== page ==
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Dog Bites 

Wednesday, Apr 10 1996
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That's Not Funny
Never try to explain a joke; you only get yourself in deeper. That's advice SF Weekly should have taken when it received calls over two pieces in the April 3 issue. Loyal readers called to express their dismay at Tom McNichol's "A Message to Our Customers," announcing the purchase of Bank of America and Great Western Bank by Wells Fargo/Interstate. "It scared me to hear that my bank was going to be bought up and closed," said one caller. Apprised of the fact that the piece was a parody, she angrily stated: "You shouldn't joke about banks. I'm going to tell people not to advertise in your paper."

Another reader called to protest the charitable works of Books Not Food founder Arthur Bigelow III, whose campaign of distributing books that have been discarded from the Old Main Library was chronicled in the same issue by Slap Shots columnist Jack Boulware. The reader complained that if millionaire Bigelow were serious about helping the homeless camped out in Golden Gate Park, he'd give them money, or at least food: "And I can't believe that a woman would try to eat the cover off a book, even if she were hungry, as your writer states."

Full Court Press for Bay Times
The state labor commissioner has ordered Kim Corsaro, publisher of the financially beleaguered Bay Times, the self-described "Gay/Lesbian/Bi/Trans Newspaper" of Northern California, to pay former ad salesman Matt Lewis $24,302.95 in back commissions, penalty wages, and interest. The award marks the second time in as many months that the state has ruled in favor of ex-Bay Times employees. (In February, former typesetter Karl von Uhl won a $1,500 settlement for back wages and overtime in Municipal Court.)

Lewis, a two-year Bay Times veteran, filed the complaint last October during a dispute over unpaid sales commissions; shortly afterward, Corsaro fired him. "I'm really pleased at the size of this award," Lewis exults. "It enables a strong statement to be made. I'm at the tail end of a long list of people who've been abused by her."

Corsaro, who claims she could not present her side of the story with the labor commissioner because the hearing came while she was on a production deadline for her paper, plans to appeal. "This is a technical ruling," Corsaro points out. "We're going to go to court and plead our case. This doesn't mean anything yet."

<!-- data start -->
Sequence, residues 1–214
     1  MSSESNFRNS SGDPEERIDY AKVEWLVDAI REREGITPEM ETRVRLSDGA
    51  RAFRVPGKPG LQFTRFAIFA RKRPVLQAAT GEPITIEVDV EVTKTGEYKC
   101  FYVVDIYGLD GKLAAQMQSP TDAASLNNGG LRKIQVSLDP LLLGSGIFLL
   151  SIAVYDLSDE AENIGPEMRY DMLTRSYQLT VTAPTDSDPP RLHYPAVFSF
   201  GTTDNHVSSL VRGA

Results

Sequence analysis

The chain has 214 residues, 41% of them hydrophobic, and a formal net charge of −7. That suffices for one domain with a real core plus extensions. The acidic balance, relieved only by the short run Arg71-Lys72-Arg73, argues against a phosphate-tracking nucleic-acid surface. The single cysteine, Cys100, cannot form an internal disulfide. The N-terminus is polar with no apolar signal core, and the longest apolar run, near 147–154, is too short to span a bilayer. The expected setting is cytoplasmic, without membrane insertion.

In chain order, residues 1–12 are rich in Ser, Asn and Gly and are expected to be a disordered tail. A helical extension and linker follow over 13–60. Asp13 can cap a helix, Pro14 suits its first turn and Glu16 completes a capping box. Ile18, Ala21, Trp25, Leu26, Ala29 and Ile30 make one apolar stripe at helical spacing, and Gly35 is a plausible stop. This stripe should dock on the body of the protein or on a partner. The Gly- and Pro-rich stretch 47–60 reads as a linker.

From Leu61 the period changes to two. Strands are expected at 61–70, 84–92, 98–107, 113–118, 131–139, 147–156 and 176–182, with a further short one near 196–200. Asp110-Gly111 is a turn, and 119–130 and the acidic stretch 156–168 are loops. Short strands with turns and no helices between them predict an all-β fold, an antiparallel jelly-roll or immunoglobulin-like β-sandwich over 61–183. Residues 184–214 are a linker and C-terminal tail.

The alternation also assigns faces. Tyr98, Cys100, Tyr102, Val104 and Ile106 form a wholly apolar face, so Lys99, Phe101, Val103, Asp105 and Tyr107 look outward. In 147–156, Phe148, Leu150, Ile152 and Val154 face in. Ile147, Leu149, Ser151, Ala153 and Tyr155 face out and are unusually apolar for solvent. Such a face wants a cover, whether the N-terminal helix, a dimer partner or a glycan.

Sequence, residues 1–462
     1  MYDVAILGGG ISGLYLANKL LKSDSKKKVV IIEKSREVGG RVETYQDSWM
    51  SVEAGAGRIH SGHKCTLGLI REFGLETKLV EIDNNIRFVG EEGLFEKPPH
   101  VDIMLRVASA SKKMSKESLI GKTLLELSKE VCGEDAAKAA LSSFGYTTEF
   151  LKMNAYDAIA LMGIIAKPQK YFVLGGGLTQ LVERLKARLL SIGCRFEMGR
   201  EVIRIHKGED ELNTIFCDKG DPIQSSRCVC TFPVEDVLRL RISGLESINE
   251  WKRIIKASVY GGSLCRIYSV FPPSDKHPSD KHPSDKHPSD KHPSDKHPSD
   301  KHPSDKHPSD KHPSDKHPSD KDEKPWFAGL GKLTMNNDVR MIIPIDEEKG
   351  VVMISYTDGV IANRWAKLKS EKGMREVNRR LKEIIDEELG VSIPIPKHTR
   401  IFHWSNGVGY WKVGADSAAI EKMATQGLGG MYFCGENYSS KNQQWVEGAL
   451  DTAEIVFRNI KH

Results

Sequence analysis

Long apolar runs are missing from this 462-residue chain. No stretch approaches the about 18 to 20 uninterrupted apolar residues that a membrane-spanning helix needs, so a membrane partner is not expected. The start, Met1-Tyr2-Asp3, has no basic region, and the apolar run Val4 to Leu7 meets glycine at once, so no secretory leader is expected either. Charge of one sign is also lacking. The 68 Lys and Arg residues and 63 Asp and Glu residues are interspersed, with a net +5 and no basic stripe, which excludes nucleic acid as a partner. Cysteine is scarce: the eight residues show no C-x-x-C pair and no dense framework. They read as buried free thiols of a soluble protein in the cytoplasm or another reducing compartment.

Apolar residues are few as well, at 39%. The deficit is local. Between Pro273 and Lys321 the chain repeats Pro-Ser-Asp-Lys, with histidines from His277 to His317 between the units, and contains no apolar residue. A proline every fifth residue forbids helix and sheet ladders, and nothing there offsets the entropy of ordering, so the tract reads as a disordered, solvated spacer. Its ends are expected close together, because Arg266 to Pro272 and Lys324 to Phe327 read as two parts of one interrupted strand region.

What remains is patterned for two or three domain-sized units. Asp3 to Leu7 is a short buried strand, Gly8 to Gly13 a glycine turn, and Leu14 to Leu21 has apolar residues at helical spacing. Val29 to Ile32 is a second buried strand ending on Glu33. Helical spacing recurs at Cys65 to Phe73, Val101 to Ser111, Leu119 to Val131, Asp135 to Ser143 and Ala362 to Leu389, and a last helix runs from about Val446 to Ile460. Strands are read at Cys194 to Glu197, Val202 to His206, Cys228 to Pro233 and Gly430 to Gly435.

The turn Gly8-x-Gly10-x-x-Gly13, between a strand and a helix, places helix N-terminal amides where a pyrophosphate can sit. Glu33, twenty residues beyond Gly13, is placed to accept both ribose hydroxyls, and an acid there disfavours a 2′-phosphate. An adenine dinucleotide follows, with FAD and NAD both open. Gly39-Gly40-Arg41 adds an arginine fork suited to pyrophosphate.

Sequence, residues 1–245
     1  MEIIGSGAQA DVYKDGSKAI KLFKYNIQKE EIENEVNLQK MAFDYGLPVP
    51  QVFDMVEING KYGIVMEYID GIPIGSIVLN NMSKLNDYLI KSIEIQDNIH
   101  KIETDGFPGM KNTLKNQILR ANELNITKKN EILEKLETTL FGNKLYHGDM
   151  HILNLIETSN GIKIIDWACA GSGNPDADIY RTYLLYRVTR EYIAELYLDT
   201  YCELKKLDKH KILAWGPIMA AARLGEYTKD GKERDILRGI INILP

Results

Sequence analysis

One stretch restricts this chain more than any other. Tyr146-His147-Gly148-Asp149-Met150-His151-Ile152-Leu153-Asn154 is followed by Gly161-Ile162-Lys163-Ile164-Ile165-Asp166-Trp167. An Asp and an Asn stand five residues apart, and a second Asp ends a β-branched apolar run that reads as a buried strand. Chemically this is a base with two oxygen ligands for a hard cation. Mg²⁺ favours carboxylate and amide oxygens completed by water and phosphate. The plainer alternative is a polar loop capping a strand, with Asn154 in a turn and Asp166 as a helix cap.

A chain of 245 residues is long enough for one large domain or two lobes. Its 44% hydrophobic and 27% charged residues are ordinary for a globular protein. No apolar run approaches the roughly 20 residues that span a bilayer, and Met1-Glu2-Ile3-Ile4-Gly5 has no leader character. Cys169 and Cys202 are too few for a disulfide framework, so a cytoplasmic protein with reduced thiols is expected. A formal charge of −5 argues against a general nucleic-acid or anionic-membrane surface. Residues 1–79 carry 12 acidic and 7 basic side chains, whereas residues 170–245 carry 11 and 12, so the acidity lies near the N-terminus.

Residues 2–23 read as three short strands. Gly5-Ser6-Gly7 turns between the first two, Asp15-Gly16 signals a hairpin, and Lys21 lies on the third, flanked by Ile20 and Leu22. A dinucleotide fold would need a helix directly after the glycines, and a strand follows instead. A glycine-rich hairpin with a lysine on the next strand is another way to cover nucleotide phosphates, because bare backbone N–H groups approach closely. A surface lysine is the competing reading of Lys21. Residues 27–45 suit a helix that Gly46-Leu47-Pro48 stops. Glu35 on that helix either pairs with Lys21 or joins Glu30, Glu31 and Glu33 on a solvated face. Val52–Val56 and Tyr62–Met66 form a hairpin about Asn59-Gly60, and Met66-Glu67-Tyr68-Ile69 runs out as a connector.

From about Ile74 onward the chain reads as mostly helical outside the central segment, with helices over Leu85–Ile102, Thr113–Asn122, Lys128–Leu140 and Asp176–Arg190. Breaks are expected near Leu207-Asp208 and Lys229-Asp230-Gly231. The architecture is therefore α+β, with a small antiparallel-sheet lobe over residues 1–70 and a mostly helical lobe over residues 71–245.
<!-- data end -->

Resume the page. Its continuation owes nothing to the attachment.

Field of Dogs
Talk about ground zero. The botched soccer field in Mission Dolores Park is in such bad shape that the city's Recreation and Park Department has decided to redo it, according to park planner Joanne Wilson.

The field was carved out of a sloping lawn by an independent landscaping firm last year at a cost of more than $270,000. But the soil settled in an uneven fashion, and the area is now so riddled with bumps and indentations, its turf overgrown and scraggly, that it is virtually unusable for practice, let alone soccer matches. For safety reasons, Rec and Park is not permitting play by any neighborhood leagues. Wilson says the department is entertaining bids to remedy the problems -- remixing the soil, regrading, resodding, and adjusting the buried sprinkler heads -- which will cost tens of thousands more.

Meanwhile, the temporary fence that had loosely enclosed the area has been removed. Because Dolores Park is a "designated dog run," the open soccer field now hosts a variety of canines on their morning and evening grunts. Once work gets under way (in May), another fence will go up to keep the dogs (and human trespassers) at bay.

By Jack Shafer, John Sullivan

About The Author

John Sullivan

About The Author

Jack Shafer

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